Since Sucampo , the Fourth Circuit has reiterated that a challenge based on a forum-selection clause, including an arbitration clause, should be addressed by way of a motion to dismiss for improper venue under Rule 12(b)(3). See Aggarao v. MOL Ship Mgmt. Co., Ltd. , 675 F.3d 355, 365 n.9 (4th Cir. 2012). Nevertheless, other judges of this court have considered motions to dismiss in favor of arbitration under Rule 12(b)(1) and Rule 12(b)(6). See, e.g. , Willcock , 2018 WL 3970474, *3 (D. Md. Aug. 20, 2018) (collecting cases); Garrett v. Monterey Fin. Servs., LLC , JKB-18-325, 2018 WL 3579856, at *2 (D. Md. July 25, 2018) ("[M]otions to dismiss in connection with a valid arbitration agreement are often brought under Rule 12(b)(6) based on the observation that the existence of a valid arbitration clause does not technically deprive the Court of subject matter jurisdiction.... However, courts have also found it proper to dismiss claims subject to arbitration agreements under Rule 12(b)(1)." (citations omitted) ); Lomax v. Weinstock, Friedman & Friedman, P.A. , CCB-13-1442, 2014 WL 176779, at *2 (D. Md. Jan. 15, 2014) ("Courts have found it proper to dismiss claims subject to arbitration agreements under both Rule 12(b)(1) and Rule 12(b)(6)."), aff'd , 583 F. App'x 100 (4th Cir. 2014).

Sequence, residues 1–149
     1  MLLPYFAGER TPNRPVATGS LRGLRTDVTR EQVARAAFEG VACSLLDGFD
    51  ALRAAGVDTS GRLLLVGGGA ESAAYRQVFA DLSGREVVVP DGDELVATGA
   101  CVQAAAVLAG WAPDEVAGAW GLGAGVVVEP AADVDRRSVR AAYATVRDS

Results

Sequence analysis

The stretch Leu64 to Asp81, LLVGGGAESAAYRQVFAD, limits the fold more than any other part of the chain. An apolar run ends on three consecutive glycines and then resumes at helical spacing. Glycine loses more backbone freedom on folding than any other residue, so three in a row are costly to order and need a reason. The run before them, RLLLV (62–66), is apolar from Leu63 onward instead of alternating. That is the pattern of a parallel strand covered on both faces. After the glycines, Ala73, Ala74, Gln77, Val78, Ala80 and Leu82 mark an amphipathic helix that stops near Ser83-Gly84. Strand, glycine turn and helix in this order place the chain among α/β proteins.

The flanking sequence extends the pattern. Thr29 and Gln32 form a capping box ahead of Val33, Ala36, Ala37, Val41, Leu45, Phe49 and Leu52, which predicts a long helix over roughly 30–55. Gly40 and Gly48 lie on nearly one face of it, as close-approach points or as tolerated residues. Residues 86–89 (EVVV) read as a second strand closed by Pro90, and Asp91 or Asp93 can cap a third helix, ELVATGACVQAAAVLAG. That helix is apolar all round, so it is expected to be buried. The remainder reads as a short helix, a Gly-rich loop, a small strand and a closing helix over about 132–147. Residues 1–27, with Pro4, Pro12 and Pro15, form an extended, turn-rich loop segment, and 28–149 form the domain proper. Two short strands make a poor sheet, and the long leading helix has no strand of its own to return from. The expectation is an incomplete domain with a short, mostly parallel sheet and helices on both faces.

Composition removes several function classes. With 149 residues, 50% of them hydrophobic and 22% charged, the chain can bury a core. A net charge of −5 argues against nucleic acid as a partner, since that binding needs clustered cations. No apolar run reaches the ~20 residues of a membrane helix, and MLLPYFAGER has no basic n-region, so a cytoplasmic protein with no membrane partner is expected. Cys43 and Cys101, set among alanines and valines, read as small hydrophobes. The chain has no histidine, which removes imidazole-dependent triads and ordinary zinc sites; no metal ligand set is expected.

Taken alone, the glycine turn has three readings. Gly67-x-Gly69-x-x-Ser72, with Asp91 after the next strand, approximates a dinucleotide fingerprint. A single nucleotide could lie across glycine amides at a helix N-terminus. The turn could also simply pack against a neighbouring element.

In light of the Fourth Circuit's guidance in Sucampo , I shall construe defendant's motion to dismiss as one brought under Rule 12(b)(3). See, e.g. , Am. Ins. Mktg. Corp. v. 5 Star Life Ins. Co. , DKC-13-0560, 958 F.Supp.2d 609, 612 (D. Md. 2013) (considering a motion to dismiss based on a forum selection clause pursuant to Rule 12(b)(3) ); Enter. Info. Mgmt., Inc. v., Inc. , DKC-13-2131, 2013 WL 5964563, at *3 (D. Md. Nov. 7, 2013) (considering a motion to dismiss in favor of arbitration pursuant to Rule 12(b)(3) ).